REFERENCES 1. Fernando S: Roots of racism in psychiatry. Open Mind 1992; 59:10–11 2. White K: An Introduction to the Sociology of Health and Illness. Thousand Oaks, Calif, Sage, 2001, p 41–42 3. Office of the Surgeon General, Center for Mental Health Services, National Institute of Mental Health: Mental Health: Culture, Race, and Ethnicity: A Supplement to Mental Health. Rockville, Md, Substance Abuse and Mental Health Services Administration, 2001 4. Van Ryn M, Hardeman R, Phelan SM, et al: Medical school experiences associated with change in implicit racial bias among 3547 students: a medical student CHANGES study report. J Gen Intern Med 2015; 30:1748–1756 5. Jones C: Levels of racism: a theoretic framework and a gardener’s tale. Am J Public Health 2000; 90:1212–1215

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Call for Applications to Join the 2016 Editorial Board The American Journal of Psychiatry— Residents’ Journal is now accepting applications to join the 2016-2017 Editorial Board for the following positions: SENIOR DEPUTY EDITOR POSITION 2016 Job Description/Responsibilities • Frequent correspondence with AJPResidents’ Journal Editorial Board and AJP professional editorial staff. • Frequent correspondence with authors. • Peer review manuscripts on a weekly basis. • Make decisions regarding manuscript acceptance. • Work with AJP editorial staff to prepare accepted manuscripts for publication to ensure clarity, conciseness, and conformity with AJP style guidelines. • Collaborate with others as necessary to develop innovative ideas. • Coordinate selection of book review authors and distribution of books with AJP professional editorial staff. • Collaborate with the Editor-in-Chief in selecting the 2017 Senior Deputy Editor, Deputy Editor, and Associate Editors. • Attend and present at the APA Annual Meeting. • Commitment averages 10–15 hours per week. Requirements • Must be an APA resident-fellow member. • Must be a PGY-3 in July 2016, or a PGY-4 in July 2016 with plans to enter an ACGME fellowship in July 2017. • Must be in a U.S. residency program. Selected candidate will be considered for a 2-year position, including advancement to Editor-in-Chief. DEPUTY EDITOR POSITION 2016 Job Description/Responsibilities • Frequent correspondence with Residents’ Journal Editorial Board and AJP professional editorial staff. • Frequent correspondence with authors. • Peer review manuscripts on a weekly basis. • Make decisions regarding manuscript acceptance. • Work with AJP editorial staff to prepare accepted manuscripts for publication to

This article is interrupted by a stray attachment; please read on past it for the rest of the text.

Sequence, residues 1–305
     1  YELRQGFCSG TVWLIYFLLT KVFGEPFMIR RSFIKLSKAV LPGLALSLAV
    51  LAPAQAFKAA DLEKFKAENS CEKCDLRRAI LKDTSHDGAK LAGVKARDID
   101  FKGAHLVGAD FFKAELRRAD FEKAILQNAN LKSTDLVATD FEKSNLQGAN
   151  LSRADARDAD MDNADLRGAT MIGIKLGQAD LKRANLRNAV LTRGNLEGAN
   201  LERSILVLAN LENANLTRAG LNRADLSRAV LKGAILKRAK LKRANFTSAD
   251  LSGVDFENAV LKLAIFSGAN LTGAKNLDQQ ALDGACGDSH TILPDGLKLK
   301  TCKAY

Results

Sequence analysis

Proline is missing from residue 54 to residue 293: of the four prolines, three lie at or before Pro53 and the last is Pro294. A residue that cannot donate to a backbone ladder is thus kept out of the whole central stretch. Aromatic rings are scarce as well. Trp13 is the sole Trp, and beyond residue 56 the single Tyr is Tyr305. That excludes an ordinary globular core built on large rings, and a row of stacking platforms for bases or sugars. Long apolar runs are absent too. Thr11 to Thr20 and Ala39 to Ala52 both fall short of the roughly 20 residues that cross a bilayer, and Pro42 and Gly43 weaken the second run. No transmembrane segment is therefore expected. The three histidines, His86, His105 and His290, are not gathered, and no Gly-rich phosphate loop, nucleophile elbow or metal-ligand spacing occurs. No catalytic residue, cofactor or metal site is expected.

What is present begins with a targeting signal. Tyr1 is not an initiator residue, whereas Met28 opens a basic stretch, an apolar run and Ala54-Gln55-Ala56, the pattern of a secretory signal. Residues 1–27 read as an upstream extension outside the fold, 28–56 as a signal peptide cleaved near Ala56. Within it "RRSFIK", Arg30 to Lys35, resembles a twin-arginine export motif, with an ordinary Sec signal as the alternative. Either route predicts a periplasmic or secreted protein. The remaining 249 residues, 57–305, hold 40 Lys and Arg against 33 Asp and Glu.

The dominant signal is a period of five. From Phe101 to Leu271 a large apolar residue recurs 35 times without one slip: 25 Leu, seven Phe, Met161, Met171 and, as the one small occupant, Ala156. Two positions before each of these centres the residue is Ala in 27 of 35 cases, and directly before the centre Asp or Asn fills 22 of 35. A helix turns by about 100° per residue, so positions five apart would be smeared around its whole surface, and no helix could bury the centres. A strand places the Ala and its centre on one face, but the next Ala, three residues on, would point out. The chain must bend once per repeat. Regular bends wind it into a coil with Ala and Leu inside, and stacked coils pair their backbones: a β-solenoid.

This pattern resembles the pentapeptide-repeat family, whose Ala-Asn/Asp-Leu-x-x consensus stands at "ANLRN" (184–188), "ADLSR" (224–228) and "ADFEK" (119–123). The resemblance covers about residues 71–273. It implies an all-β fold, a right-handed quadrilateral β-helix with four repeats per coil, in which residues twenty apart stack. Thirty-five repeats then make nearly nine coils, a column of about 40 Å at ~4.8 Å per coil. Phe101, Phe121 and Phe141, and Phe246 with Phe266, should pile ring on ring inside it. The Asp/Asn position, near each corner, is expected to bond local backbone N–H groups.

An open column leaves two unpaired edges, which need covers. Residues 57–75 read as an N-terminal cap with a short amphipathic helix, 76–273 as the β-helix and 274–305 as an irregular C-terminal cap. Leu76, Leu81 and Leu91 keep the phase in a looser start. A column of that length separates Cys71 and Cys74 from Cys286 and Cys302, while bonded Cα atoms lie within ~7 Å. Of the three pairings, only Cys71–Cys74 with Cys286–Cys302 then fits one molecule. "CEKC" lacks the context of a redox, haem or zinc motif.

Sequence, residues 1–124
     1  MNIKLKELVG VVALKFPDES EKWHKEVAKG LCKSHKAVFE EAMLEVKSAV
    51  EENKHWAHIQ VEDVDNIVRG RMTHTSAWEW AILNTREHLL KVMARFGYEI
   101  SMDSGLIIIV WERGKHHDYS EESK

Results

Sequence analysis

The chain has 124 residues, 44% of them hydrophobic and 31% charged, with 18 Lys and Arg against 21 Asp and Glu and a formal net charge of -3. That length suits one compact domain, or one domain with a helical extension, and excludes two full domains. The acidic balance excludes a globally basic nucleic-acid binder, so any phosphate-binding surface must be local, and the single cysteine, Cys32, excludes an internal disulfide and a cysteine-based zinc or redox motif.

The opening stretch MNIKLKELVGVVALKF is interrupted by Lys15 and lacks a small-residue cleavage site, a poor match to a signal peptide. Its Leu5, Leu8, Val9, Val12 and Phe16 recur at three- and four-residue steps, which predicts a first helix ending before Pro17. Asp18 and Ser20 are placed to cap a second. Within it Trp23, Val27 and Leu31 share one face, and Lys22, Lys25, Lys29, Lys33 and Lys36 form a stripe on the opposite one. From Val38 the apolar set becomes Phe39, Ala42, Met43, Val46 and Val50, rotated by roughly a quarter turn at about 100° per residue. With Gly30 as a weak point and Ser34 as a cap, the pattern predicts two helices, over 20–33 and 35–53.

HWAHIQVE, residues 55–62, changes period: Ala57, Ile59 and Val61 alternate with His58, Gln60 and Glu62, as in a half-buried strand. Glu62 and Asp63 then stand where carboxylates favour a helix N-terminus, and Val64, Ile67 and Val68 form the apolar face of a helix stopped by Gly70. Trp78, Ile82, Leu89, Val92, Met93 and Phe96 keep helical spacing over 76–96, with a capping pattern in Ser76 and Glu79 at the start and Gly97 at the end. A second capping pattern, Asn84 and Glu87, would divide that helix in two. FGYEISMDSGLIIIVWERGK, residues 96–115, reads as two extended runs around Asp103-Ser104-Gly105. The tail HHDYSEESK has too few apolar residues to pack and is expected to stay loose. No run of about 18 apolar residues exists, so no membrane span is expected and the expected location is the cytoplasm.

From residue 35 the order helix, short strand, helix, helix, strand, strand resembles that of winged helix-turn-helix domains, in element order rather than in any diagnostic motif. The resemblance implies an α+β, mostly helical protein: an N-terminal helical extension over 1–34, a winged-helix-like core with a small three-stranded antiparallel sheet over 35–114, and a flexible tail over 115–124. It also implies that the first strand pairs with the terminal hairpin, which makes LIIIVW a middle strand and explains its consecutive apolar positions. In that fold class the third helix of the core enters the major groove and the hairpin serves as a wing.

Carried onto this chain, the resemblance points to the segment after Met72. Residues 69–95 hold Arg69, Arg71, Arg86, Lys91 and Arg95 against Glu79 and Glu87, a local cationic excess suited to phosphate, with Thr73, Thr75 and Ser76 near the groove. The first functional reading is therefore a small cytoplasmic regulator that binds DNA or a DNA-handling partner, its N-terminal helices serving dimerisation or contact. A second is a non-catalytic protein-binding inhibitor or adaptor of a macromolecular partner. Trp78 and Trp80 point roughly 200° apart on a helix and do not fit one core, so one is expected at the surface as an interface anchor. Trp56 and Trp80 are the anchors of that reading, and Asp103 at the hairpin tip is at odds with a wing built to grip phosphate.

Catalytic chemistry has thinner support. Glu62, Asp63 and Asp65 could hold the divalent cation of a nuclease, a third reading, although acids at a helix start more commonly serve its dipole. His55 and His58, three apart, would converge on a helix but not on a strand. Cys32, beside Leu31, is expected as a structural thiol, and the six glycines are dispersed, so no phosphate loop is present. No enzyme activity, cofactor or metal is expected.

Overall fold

• •

• • •

ensure clarity, conciseness, and conformity with AJP style guidelines. Collaborate with others as necessary to develop innovative ideas. Prepare a monthly Residents’ Resources section for the Journal that highlights upcoming national opportunities for medical students and trainees. Collaborate with the Editor-in-Chief in selecting the 2017 Senior Deputy Editor, and Associate Editors. Attend and present at the APA Annual Meeting. Commitment averages 10 hours per week.

Requirements • Must be an APA resident-fellow member. • Must be a PGY-2, PGY-3, or PGY-4 resident in July 2016, or a fellow in an ACGME fellowship in July 2016. • Must be in a U.S. residency program or fellowship. This is a 1-year position only, with no automatic advancement to the Senior Deputy Editor position in 2017. If the selected candidate is interested in serving as Senior Deputy Editor in 2017, he or she would need to formally apply for the position at that time. ASSOCIATE EDITOR POSITIONS 2016 (two positions available) Job Description/Responsibilities • Peer review manuscripts on a weekly basis. • Make decisions regarding manuscript acceptance. • Manage the Test Your Knowledge questions on Facebook and work closely with authors in developing Board-style review questions for the Test Your Knowledge section. • Keep our Twitter and Facebook accounts active and up to date • Collaborate with the Senior Deputy Editor, Deputy Editor, and Editor-inChief to develop innovative ideas for the Journal. • Attend and present at the APA Annual Meeting. • Commitment averages 5 hours per week. Requirements • Must be an APA resident-fellow member